What were you researching before you started as a Science Policy Fellow?
My research career focused on understanding how our body’s defence system (the immune system) could sense and respond to harmful events such as an influenza virus infection. A deeper understanding of how these defence systems are co-ordinated may allow us to develop new therapeutic strategies for treating pandemic infections that can arise and spread very quickly between humans.
What policy area are you working on through the Science Policy Fellowship Program?
I work in the Department of Employment, Skills, Small and Family Business and have landed deep in the data analytics space, where I can apply new analytical insights to better understand policy implementation. I am also contributing to our working understanding of machine learning frameworks, which is an extremely interesting and new area for policy development.
How has your research background helped you contribute to policy development?
A transition from biology to understanding government employment services might sound like a radical change, but research skills such as critical thinking, communication and scientific hypothesis testing have all helped me to make a smooth transition. In research, the creative freedom to take on and manage new projects, collaborate with other scientists and communicate your findings means that you can develop very valuable skills, like quickly understanding and communicating technical concepts to a wide audience, designing workflows and managing project risks and outcome uncertainties. My previous programming skills (in R) and bioinformatics work experience have also been an unexpected bonus in my current role.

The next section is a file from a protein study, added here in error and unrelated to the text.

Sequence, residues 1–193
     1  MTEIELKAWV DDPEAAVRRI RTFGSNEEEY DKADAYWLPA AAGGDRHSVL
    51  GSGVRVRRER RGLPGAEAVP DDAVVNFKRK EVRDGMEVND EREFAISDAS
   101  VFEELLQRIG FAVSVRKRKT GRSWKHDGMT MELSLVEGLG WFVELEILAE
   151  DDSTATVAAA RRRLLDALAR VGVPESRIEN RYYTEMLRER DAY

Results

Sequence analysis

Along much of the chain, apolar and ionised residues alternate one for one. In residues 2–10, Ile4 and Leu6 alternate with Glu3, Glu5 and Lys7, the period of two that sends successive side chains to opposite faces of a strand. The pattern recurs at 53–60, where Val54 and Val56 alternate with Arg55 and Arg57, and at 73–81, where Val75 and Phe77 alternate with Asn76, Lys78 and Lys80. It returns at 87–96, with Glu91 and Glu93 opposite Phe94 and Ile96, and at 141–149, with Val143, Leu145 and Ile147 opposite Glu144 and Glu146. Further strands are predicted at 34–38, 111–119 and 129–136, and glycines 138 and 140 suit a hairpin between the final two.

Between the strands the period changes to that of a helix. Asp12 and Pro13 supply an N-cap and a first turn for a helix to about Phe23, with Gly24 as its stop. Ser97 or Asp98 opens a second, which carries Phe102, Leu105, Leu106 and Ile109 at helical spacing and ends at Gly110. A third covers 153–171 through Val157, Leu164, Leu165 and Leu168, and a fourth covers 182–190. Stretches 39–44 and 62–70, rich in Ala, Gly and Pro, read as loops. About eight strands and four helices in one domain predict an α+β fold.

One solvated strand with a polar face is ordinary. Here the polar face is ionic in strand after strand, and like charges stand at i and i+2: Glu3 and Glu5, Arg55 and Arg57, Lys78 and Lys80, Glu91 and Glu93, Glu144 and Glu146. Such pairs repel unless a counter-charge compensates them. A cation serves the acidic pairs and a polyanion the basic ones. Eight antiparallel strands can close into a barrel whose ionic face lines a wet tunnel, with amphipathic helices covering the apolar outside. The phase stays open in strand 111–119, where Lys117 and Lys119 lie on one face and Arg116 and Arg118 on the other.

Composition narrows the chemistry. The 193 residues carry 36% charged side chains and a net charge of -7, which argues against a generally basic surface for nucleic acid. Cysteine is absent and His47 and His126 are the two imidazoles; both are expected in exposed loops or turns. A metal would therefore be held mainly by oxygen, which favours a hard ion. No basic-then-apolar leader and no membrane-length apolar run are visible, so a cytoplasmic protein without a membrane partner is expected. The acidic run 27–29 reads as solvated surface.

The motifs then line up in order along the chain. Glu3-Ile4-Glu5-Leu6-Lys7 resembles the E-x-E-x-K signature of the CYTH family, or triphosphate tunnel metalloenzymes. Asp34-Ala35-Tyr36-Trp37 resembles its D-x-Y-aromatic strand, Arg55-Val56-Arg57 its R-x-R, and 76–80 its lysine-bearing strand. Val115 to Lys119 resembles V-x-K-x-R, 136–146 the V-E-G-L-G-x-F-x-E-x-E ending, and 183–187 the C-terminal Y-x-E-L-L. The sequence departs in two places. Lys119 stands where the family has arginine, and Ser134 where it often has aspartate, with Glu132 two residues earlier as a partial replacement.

How has the program changed your career aspirations?
I feel very lucky to work, now permanently, in my team, where there is a lot of support for people to pursue further learning (in statistics, programming and policy design). I am deeply interested in the machine learning and artificial intelligence space from a policy implementation perspective and hope to keep contributing in this area. I also think that there are tremendous gains in coupling new data analytical insights to evidence-based policy decision making, and I would like to keep contributing actively to this area in the future.
What is your favourite part about working in a policy role in the Australian Public Service?
I have two favourite aspects. The first is that I can constantly apply my critical thinking skills in new ways and keep improving my programming and machine learning knowledge. The second and equally important aspect is that I get to work with talented and supportive people and can always access the amazing support network of current and past Science Policy Fellows.